What makes the Blake Bortles deal iffy, and why the Jaguars are all-in

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Is Bortles or Cousins the better investment? (2:07)

Field Yates says Kirk Cousins is the more expensive, but better investment, while DeAngelo Williams says that Blake Bortles brings more value with his new 3-year deal. (2:07)

The decision to extend Blake Bortles' contract doesn't stem from the quarterback's ability. It isn't a product of what he showed in the postseason during two impressive games against the Steelers and Patriots or, alternately, in a dismal effort at home against the Bills.

Jacksonville's decision to re-sign Bortles is a product of a questionable decision the Jaguars made last year -- it seemed questionable at the time and has grown worse with some perspective. It's also a reflection on where this team is going and whether the Jags can build upon an impressive 2017 season to take that final leap past the Patriots and into the Super Bowl.

Last May, the Jaguars decided to exercise Bortles' fifth-year option, which gave the team another year of cost control on their enigmatic quarterback through the 2018 season. The fifth-year option for players taken in the top 10 of the draft is rather expensive for quarterbacks, given that it represents the average salary of the top 10 players at the position. For Bortles, that fifth-year option was more than $19 million.

The salary is guaranteed only for injury, so in most cases, teams that regret the move can just cut the player and move on without any penalty. Players who can't pass a physical by the beginning of the new league year (in March) remain on the cap and get paid, even if they can't play, as will likely be the case for Ryan Shazier in Pittsburgh. The Steelers naturally couldn't have anticipated in May that their star inside linebacker would suffer a career-threatening spinal injury six months later, but for Pittsburgh, the reward of having another year of cost control over Shazier was worth the risk that he would suffer a serious injury.

Likewise, the Jaguars were about to be stuck paying Bortles $19 million for an injury he had when Jacksonville signed him to the extension. The UCF product suffered a wrist injury during the final month of the 2016 season, which the Jaguars elected to treat with shots in the hopes of avoiding surgery. The Jags then picked up Bortles' option last May all while knowing he had a wrist injury that might require surgery after the 2017 campaign. The wrist got worse as the 2017 season went on, requiring Bortles to undergo surgery after the season ended in late January.

A move that seemed iffy at the time without public knowledge of the injury and looked downright foolish once the Jags briefly benched Bortles during the preseason for Chad Henne only looks worse now. Given the likelihood that Bortles would be unable to pass a physical and subsequently be guaranteed $19 million before hitting free agency next season, the Jaguars made the decision to tender him a three-year, $54 million deal with $26.5 million guaranteed at signing. The fifth-year option was a sunk cost, and the Jaguars didn't make a terrible move by handing Bortles this deal, but it raises questions about their thought process heading into 2018 and beyond.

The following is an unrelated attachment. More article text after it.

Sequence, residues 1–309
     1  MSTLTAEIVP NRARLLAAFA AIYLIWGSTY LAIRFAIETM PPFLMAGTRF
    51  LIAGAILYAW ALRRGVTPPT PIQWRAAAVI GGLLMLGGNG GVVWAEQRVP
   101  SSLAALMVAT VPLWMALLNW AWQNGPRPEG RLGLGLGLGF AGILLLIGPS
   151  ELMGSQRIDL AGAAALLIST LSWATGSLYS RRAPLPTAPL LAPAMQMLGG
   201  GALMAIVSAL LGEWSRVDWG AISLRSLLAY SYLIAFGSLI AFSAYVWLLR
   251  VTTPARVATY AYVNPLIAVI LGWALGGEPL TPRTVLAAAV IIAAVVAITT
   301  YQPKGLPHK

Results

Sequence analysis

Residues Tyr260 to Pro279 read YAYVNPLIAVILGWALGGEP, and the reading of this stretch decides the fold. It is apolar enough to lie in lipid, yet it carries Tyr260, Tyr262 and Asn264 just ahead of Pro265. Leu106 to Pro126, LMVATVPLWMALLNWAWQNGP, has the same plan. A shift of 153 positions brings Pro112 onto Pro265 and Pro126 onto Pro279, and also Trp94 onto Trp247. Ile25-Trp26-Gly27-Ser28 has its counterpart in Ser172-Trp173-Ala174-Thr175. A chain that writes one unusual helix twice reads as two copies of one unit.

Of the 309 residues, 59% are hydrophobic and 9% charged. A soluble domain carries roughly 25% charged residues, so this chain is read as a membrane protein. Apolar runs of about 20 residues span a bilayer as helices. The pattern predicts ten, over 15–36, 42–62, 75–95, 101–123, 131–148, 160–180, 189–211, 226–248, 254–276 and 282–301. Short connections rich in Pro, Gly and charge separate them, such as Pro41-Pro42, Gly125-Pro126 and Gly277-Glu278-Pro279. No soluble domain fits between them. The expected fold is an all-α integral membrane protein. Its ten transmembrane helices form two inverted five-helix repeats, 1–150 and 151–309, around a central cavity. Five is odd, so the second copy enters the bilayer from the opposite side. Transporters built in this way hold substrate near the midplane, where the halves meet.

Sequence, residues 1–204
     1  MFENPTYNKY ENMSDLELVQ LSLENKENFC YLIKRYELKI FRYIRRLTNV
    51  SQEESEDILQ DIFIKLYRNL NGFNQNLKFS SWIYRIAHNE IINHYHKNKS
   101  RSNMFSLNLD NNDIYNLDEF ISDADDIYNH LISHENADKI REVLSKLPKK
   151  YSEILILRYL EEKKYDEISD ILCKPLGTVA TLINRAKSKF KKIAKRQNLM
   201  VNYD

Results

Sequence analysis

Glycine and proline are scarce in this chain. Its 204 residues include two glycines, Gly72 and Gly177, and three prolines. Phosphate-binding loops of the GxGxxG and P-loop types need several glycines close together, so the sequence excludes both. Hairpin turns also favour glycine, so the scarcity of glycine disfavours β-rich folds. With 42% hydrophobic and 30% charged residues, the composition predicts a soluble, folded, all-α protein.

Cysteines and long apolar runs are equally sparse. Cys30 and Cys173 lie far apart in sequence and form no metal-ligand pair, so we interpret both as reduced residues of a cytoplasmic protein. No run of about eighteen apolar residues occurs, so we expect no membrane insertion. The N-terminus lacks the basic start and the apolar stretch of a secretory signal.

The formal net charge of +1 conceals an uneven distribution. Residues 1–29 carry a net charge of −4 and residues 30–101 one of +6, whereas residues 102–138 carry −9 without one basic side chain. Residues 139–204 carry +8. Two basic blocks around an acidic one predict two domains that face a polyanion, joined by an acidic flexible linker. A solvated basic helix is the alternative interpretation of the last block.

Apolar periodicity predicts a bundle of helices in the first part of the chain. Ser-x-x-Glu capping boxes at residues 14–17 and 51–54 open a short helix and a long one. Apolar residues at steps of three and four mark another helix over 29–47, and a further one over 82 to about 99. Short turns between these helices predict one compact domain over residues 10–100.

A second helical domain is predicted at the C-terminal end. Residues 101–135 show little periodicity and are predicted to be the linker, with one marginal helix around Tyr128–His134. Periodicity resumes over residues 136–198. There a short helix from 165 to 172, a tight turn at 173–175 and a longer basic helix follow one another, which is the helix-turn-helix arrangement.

The details of the deal

There's a slim chance Bortles will actually end up playing out this extension for all three years, as teams almost never let a veteran quarterback play into the final year of his contract. This is more realistically a two-year deal for somewhere between $30 million and $36 million, plus incentives, with the ability to renegotiate after 2019 without having to resort to the franchise tag.

To gain that concession, the Jags had to drastically increase the chances Bortles remains the starting quarterback for Jacksonville in 2019. The structure of this deal -- namely, the $15 million signing bonus, which is spread over three seasons for cap purposes -- means the Jaguars would pay a steep cost to dump Bortles after one season. Cutting the soon-to-be 26-year-old would leave a minimum of $10 million in dead money on their cap next year.

That number could rise as high as $16.5 million if Bortles can't play; the Jags guaranteed $6.5 million of his $16 million base salary in 2019 with offsets, which another team would inherit as part of a new deal. If Jacksonville cut Bortles after 2018 and he signed a one-year, $3 million contract with, for instance, the Browns, the Jags would owe Bortles $3.5 million in cash and have $13 million in dead money on their cap for 2019.

It's surprising that the Jags would structure Bortles' deal in such a way. Under general manager Dave Caldwell, they have typically gone year-to-year with their contracts, guaranteeing money up front over the first two years of contracts with base salaries and roster bonuses while retaining flexibility afterward. That has come in handy when free agents such as Chris Ivory and Julius Thomas haven't worked out, but it's also how the Jags have operated in re-signing homegrown talent.

In the case of star linebacker Telvin Smith and the four-year, $45 million deal he signed in October, for example, the Jags guaranteed a $3 million base salary in 2018 and an $8 million roster bonus, all of which hits the cap next year. Smith's $4.1 million signing bonus costs only about $810,000 in cap room per year, so the Jags could theoretically get out of Smith's extension after next season and have only $2.4 million in dead money remaining on their cap.

The Jaguars didn't give veteran stars such as Calais Campbell ($6 million) and A.J. Bouye ($10 million) huge signing bonuses as part of far larger and longer contracts when importing them in free agency last year. Either they've suddenly changed the way they do business and are going to approach the salary cap differently, or Bortles' camp insisted they structure this extension in such a way as to make it more likely the former third-overall pick is around for another season.